Customer feedback is a vital part of customer journey mapping and improving the customer experience.
Negative feedback highlights where you need to improve and positive feedback helps to understand which elements to amplify.
We teamed up with Dan Moross, the Director of Customer Experience at MOO, to put together a guide on how you can improve the quantity and quality of feedback from your customers and how you can use it to enhance their experience with your brand.
Capturing Customer Feedback
There are four primary mechanisms that MOO uses to capture feedback from customers. These are used to help gain a better picture of the customer journey.
1. Transactional Surveys – e.g. CSAT and NPS
MOO sends out a customer satisfaction (CSAT) survey shortly after it has dealt with a customer query, achieving a response rate of nearly 30%, across live chat, phone and email.
While this is a simple format, it provides customers with the opportunity to leave a comment – to explain why they gave them a high/low score. This gives the company the opportunity to pinpoint repeat sources of dissatisfaction, while high scorers can be further engaged with, to drive a larger number of company “promoters”.
In addition to this, MOO has a company-wide Net Promoter Score (NPS), which allows it to measure satisfaction at every point of the customer journey, not just customer service interactions.
NPS is an important tool for the whole business, not just the customer service team. If NPS is only used in the contact centre, and – for example – a parcel wasn’t delivered, the customer could give the advisor a low score, even though the advisor had done a great job. This can give a distorted view of the customer journey, as it would be the logistical team who needed the feedback to make improvements.
Using a scheme like NPS champions can provide insight into which exact areas of the customer journey need the most improvement.
So, using a scheme like NPS champions can provide insight into which exact areas of the customer journey need the most improvement.
2. Voice of Employees – Customer Feedback From Your Advisors
There really is no substitute for just engaging with your team, whether that’s through focus groups or a Voice of the Employee (VoE) survey.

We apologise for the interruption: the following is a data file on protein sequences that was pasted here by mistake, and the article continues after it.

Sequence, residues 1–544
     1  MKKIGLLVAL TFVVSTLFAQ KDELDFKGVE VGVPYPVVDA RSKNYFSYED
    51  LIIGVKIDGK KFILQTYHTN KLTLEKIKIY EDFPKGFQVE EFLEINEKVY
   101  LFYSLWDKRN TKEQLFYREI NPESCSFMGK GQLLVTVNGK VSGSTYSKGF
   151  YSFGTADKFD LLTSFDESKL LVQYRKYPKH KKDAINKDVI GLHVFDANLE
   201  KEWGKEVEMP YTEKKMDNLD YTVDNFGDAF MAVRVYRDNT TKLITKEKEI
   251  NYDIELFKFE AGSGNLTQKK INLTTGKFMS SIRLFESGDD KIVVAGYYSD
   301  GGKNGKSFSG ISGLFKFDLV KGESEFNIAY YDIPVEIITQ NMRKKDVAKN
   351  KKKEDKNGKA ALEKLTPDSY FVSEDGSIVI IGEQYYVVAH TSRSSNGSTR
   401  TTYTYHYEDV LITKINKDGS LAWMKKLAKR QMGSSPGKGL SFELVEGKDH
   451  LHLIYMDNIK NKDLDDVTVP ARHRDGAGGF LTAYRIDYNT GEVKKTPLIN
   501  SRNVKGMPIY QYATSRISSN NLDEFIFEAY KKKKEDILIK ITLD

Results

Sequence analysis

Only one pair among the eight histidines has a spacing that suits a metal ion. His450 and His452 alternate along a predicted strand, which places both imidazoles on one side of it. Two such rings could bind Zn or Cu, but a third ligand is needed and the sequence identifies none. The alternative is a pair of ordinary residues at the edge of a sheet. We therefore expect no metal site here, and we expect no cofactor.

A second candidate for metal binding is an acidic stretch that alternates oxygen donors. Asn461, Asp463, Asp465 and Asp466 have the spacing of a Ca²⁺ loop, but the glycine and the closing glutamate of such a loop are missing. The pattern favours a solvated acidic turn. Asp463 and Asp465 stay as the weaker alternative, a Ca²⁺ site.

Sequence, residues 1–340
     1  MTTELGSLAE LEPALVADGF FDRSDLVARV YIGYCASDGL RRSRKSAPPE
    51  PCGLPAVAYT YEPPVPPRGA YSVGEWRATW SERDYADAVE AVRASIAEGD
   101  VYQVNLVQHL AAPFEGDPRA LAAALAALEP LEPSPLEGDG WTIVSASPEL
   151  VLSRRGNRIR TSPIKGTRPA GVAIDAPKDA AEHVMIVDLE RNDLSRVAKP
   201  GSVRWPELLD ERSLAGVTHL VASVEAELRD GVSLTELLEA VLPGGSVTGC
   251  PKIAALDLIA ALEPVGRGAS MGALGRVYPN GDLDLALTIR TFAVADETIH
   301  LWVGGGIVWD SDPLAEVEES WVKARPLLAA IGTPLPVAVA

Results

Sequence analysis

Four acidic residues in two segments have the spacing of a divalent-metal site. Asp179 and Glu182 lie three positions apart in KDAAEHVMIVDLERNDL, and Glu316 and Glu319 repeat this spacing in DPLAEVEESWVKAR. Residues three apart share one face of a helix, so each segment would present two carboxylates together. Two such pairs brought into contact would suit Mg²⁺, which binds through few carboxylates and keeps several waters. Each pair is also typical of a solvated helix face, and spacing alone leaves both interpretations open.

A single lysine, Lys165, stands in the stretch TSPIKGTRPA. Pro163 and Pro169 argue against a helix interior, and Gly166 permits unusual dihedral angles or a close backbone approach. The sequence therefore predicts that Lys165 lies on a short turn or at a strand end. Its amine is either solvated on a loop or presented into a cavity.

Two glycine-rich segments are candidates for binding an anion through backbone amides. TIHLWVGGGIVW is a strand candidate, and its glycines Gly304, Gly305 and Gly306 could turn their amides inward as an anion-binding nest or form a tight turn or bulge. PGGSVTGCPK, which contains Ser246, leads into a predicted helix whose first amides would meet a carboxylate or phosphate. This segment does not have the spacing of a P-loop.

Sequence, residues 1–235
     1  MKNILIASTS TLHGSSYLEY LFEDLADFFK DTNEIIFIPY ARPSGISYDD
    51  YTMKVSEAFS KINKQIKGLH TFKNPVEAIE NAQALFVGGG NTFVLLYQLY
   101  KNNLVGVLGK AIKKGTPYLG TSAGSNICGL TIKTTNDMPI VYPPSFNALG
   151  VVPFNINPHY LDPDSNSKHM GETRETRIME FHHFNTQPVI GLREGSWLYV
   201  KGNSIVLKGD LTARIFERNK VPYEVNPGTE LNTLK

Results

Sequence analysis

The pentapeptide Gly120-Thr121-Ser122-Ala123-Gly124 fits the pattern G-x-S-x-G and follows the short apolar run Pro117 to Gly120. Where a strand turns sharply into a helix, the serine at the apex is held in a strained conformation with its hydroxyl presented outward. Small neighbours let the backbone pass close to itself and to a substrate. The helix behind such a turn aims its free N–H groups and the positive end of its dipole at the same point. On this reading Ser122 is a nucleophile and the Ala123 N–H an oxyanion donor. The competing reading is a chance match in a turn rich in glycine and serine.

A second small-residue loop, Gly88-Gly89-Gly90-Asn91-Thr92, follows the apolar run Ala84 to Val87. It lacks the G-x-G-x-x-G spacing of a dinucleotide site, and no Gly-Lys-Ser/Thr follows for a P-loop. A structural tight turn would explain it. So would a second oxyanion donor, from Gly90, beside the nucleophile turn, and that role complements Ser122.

After all, the team don’t just handle all the contacts, they also feel the emotional burden when customers have a big problem.
So, it is imperative to find the time to talk with advisors to understand the frequency of an issue and how much of an impact these issues have on customer emotion.
If an issue is big, but it has only affected a small number of customers, the resulting “backlash” may have had a bigger impact than you initially thought.
By taking the time to talk with the team, it is likely that you will uncover the “pain points” of your existing customer journey. These pain points are repeated areas of customer frustration.
For more on including advisors in other parts of the contact centre, read our article: Involve Agents in Operations and Strategy
3. Social Listening – via Social Media
While this isn’t something that MOO uses a lot, it is a fast-growing tool that is used by many larger organisations.
Social listening involves using technology (like Hootsuite or SproutSocial) to analyse social media to find out all the things that customers and non-customers are saying about you. This makes social listening a great device to assess the gap between what customers expect and what they perceive they get.
A customer’s perception of their experience with a brand is based on the sum of interactions with that brand across the entire customer journey, although what they expect from a brand often comes from marketing.
A customer’s perception of their experience with a brand is based on the sum of interactions with that brand across the entire customer journey, although what they expect from a brand often comes from marketing, as well as any other previous experiences that they have had with your brand.
So, it is best to close this gap as much as possible, which strengthens the case for developing strong relationships between the contact centre and the marketing department.
In fact, social listening isn’t only a useful tool for the contact centre to gain feedback, as marketing can also use it to develop offers that are based on customer demand.